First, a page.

Photo courtesy of Stephin Merritt
Best known as the frontman of The Magnetic Fields and author of their opus 69 Love Songs, Stephin Merritt has been involved in myriad musical projects for two decades. His most popular song is arguably “The Luckiest Guy on the Lower East Side”, but just as that Lower East Side is no longer around, neither is Merritt: he’s been a resident of Los Angeles for years. The Magnetic Fields performed in Berlin on March 27.
Your multi-voiced, theatrical approach to songwriting seems to have influenced Dave Longstreth of Dirty Projectors.
I’m not familiar with the Dirty Projectors.
You don’t keep up with the New York scene?
Uh, I can’t go to rock concerts because of the volume. And why would I listen at home to music I can’t see live? As soon as you can’t go to concerts, there’s no such thing as a local scene.
But your music seems consciously written for performance.
Well, I don’t see that there’s much connection between live music and recorded music. For me, they’re two different experiences. And I don’t like one of them [laughs]. No, no, I don’t approve of live music. You can’t edit it. It’s not the best form. I’m actually so little interested in live music, that I’m running out of things to say about it. I’ve seen two shows in my life that I thought were extraordinary and worth remembering: Tiny Tim at the Ratskeller in 1986 in Boston. And Einstürzende Neubauten’s first show in New York at Danceteria in 1983. And both of them didn’t have very much to do with the standard idea of a concert.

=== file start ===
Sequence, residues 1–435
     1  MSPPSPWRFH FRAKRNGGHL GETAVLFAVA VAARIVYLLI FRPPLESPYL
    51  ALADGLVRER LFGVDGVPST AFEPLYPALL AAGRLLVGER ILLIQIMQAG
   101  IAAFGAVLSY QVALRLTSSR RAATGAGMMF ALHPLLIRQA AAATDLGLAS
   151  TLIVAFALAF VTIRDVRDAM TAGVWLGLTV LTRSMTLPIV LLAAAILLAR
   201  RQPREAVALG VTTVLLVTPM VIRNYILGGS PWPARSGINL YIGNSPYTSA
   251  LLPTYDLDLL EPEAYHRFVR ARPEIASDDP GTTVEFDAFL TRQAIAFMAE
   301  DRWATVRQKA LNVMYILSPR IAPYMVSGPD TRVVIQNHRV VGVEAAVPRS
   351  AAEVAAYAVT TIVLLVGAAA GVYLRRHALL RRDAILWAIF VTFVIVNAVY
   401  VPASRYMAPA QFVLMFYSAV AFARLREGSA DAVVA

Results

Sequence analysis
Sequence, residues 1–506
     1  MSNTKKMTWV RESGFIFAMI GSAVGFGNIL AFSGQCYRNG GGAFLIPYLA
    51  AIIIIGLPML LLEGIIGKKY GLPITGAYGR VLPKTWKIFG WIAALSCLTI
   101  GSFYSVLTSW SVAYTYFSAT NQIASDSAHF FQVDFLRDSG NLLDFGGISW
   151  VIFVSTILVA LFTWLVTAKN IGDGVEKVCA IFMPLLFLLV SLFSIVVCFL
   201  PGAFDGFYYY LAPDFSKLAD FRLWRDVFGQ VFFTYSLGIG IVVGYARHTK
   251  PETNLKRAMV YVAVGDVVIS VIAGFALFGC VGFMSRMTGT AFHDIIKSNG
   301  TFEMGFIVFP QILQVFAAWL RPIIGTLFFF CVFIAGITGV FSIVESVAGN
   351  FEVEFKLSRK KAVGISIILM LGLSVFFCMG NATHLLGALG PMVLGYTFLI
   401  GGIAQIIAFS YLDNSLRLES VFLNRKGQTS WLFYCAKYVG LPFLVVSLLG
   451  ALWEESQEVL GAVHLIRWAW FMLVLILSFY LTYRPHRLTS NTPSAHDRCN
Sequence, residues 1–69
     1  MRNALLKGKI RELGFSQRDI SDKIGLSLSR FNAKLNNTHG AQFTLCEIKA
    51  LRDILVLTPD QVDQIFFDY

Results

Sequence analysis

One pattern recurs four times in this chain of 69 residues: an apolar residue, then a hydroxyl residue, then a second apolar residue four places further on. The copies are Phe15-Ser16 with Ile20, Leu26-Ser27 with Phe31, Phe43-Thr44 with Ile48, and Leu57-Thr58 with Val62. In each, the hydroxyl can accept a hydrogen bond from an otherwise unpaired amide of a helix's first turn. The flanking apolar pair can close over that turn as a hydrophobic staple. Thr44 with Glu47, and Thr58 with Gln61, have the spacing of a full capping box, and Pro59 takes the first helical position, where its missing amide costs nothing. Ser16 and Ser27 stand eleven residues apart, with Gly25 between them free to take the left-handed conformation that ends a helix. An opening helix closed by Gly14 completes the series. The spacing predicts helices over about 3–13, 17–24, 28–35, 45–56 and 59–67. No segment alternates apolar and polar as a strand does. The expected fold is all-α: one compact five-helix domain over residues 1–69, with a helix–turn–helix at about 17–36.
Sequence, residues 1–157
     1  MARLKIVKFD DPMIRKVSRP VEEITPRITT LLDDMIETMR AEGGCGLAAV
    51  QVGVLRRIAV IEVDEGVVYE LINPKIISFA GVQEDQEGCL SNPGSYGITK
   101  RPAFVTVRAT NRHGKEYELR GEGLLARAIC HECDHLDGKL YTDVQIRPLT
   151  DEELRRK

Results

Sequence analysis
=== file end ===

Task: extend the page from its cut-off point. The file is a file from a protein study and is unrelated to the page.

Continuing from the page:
Tiny Tim was, like yourself, a song historian.
Well, he had a pick-up band who had not rehearsed at all, I think. And what he did was play three chord cycles over and over again, and sing on top of that. The songs from the entire 20th century and part of the 19th century - songs that happened to go over those chord progressions. And every 20 minutes or so, he would switch the chord progressions he was playing. So, sort of “CFGG”, then he would switch to “CGFF”. And the amalgamation of the songs in a pretty random order was eventually deeply, deeply moving. And everyone in the bar, the nightclub, was crying at some point. There were six people in the audience. And very few people working. So maybe the total number of people in the room, including onstage, was 12 or something. And all of them were crying at some point. Including Tiny Tim. I think he was just very sad that night.
And what did you take away from that as a songwriter?
I took away the irrelevancy of musical fashion and I permanently had a sense of the continuity of popular song.